E-bikes on Public Lands: What Equestrians Should Know

Public debate is likely to intensify in 2021 regarding the appropriate role of motorized electric bicycle (e-bike) use in outdoor recreation, including the appropriate role of electric mountain bikes (e-MTBs) among backcountry trails. This is a condensed version of an article that appeared in the Winter 2020-21 news-letter of Back Country Horsemen of America (BCHA). To access the full version of this article, go to https://www.bcha.org/blog/2021/01/15/bcha-public-lands-update-on-e-bikes-for-2021

 

Final Rules for E-bike Use Issued by DOI Agencies

The e-bike industry continued its aggressive push to open public land trails to e-bike use, driven primarily by an objective to increase e-bike sales across the nation. They chalked up one such success in 2020 via the Department of Interior (DOI), which in early October announced final regulations for e-bike use by the National Park Service, Bureau of Land Management and U.S. Fish and Wildlife Service. These new policies provide a green light to local agency managers who seek to authorize e-bike use on trails where traditional bicycle use is currently allowed (for details, see BCHA’s Summer 2020 newsletter). In short, the new policies treat e-bikes as a non-motorized trail use, akin to a regular bicycle—a reversal of policy that previously (and rightfully) recognized that e-bikes operate via an electric motor.

Draft Directives for E-bike Use on National Forests

Now the good news. It appears that the U.S. Forest Service is unlikely to match the fervor by which DOI agencies rushed to facilitate and expand access for e-bike use on non-motorized trails. In late September, the Forest Service issued “draft directives” that clarify how and by what criteria e-bikes are to be managed on national forests. The draft directives were circulated as part of a 30-day public review and comment period. BCHA researched, prepared, and submitted detailed public comments on the draft directives.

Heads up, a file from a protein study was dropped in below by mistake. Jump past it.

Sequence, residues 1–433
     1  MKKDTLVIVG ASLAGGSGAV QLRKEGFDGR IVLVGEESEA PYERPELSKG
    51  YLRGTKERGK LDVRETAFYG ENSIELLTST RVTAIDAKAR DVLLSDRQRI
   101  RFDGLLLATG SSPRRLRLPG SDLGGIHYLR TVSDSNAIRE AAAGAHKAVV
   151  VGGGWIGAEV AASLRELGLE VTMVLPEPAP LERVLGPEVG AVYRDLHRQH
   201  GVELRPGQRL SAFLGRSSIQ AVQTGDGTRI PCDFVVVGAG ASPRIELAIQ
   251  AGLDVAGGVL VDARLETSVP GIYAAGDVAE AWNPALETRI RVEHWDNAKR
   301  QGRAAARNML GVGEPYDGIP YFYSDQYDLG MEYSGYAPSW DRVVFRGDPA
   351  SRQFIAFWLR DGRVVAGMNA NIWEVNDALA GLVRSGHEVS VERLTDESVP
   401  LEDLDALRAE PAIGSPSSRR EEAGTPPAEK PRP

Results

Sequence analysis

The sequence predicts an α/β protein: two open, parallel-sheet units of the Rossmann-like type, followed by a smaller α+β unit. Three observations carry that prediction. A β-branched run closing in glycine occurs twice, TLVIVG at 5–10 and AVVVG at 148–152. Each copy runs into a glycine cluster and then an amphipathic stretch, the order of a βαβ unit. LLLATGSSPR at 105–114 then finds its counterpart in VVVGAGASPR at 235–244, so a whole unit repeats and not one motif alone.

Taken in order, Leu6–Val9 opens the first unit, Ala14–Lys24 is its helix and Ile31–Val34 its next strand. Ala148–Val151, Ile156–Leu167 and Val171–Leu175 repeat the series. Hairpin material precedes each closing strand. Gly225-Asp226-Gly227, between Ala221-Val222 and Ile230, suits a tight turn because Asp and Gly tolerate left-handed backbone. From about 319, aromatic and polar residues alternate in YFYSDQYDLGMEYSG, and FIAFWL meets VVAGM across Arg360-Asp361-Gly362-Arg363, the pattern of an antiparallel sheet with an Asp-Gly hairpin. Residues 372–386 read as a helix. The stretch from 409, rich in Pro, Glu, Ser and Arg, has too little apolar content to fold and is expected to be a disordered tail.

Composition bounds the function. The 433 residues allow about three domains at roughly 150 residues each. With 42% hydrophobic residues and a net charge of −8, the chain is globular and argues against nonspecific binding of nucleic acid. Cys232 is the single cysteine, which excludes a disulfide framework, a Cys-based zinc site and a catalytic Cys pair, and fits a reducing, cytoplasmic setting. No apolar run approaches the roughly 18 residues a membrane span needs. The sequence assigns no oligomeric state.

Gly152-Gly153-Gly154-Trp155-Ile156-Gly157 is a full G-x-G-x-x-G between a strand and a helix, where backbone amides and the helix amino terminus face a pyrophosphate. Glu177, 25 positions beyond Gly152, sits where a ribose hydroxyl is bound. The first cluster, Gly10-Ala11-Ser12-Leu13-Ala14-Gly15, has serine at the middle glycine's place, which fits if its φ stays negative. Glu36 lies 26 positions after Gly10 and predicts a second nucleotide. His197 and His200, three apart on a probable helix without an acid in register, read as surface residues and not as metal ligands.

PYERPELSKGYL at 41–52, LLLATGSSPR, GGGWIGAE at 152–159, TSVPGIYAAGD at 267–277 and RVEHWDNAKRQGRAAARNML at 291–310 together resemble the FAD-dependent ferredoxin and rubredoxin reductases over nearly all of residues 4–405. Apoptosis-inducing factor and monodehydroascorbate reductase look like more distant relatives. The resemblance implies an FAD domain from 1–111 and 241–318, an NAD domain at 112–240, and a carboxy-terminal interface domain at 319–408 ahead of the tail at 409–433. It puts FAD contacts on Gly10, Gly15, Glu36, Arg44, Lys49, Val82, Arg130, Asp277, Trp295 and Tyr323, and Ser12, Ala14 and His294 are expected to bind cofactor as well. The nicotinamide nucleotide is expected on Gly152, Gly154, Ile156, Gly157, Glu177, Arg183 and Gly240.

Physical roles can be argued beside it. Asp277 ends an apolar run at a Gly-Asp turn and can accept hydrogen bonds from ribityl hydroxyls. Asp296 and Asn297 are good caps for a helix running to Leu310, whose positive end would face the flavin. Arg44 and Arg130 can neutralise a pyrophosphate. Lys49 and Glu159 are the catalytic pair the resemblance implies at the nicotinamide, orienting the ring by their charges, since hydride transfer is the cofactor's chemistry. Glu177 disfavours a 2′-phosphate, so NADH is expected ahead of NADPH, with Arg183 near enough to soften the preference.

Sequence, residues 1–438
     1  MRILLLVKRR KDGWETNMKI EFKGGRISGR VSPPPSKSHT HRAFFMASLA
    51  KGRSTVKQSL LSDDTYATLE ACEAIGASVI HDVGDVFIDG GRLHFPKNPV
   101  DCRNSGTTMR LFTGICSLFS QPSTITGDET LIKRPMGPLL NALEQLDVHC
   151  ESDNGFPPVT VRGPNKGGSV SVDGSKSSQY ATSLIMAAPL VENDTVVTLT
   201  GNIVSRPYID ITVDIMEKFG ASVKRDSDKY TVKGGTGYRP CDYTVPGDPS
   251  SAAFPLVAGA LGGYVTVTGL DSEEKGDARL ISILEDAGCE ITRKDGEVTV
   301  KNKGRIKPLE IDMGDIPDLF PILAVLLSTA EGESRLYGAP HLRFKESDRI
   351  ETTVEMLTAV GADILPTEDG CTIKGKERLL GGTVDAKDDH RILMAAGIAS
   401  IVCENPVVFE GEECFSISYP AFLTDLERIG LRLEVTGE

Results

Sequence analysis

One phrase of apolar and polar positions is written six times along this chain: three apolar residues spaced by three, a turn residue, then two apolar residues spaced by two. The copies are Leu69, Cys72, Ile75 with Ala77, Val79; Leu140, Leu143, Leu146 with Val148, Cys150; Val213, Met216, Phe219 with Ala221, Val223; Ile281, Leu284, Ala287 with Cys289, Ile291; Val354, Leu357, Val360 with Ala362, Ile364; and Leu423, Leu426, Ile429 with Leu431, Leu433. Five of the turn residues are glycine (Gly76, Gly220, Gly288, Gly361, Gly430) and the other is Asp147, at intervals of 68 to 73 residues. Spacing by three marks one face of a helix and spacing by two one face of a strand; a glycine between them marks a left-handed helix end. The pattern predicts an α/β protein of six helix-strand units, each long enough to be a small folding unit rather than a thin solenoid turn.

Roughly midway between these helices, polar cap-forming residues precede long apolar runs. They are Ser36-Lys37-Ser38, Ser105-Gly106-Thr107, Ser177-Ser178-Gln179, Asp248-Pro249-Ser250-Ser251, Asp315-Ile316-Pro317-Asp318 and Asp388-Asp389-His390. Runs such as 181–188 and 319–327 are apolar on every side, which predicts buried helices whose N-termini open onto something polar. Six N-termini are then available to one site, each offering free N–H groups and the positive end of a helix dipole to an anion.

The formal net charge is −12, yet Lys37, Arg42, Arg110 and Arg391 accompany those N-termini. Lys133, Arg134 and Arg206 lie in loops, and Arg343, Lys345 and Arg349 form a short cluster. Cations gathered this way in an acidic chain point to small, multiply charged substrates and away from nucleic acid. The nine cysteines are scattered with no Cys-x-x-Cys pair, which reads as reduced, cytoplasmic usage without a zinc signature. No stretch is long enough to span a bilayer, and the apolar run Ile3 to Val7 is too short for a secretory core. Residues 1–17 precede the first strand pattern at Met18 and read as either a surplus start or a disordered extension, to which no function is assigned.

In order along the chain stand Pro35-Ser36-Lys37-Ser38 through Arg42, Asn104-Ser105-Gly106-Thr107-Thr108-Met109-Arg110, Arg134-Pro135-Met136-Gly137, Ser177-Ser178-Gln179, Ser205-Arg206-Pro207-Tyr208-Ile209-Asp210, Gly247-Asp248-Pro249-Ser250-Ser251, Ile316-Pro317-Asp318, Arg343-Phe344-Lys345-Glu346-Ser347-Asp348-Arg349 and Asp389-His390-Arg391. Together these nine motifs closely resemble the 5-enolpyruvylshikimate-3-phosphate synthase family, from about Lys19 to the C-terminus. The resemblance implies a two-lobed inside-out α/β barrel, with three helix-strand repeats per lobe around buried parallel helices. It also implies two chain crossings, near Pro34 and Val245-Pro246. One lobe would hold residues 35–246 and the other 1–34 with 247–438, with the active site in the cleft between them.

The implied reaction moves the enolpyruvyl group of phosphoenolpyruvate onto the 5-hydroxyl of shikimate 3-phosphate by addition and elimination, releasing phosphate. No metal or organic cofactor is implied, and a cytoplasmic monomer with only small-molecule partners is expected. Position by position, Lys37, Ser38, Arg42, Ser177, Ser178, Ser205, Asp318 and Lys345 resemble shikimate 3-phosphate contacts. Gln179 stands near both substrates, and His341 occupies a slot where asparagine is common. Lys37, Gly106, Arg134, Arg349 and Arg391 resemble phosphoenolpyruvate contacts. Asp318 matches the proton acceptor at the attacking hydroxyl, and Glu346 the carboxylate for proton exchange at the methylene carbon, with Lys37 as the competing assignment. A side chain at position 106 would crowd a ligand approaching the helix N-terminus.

E-bikes and the Lincoln National Forest

BCHA chalked up a significant victory in their efforts to ensure an open public process and rigorous environmental analysis under NEPA (National Environmental Policy Act) by the Lincoln National Forest, located in southern New Mexico. BCHA and BCH New Mexico submitted a detailed public comment letter in August on the agency’s draft Environmental Assessment, documenting concerns over safety, user conflict and the potential to displace traditional non-motorized trail users. In September, the District Ranger issued a Draft Decision Notice withdrawing a portion of an otherwise good recreation management plan that would have authorized e-bike use alongside hiking and equestrian use on a new trail system. The detailed public comments BCH devel-oped for this proposal can be used as a template for other BCH chapters who might find themselves facing a similar situation.

E-bike Proposals Coming to a Forest (or Park, or BLM Lands) Near You?

Equestrians need to be prepared for the moment when their federal land management partners announce a proposal to authorize e-bike use on otherwise non-motorized trails. In many places, it will be assumed by agency trail planners that eques-trians will simply accept and learn to accommodate e-bikes on shared-use trails. In other places, agency planners will ask local equestrian representative what trails they might be willing to concede to e-bike use.

But in the short term, do not expect agency decision makers to fully understand concerns about safety and user conflict shared by traditional trail users like horsemen. We will need to make the case at the local level and be prepared to document those concerns.

To access the full version of this article or to learn what you can do to monitor developments by federal land managers in your area, go to https://www.bcha.org/blog/2021/01/15/bcha-public-lands-update-on-e-bikes-for-20215

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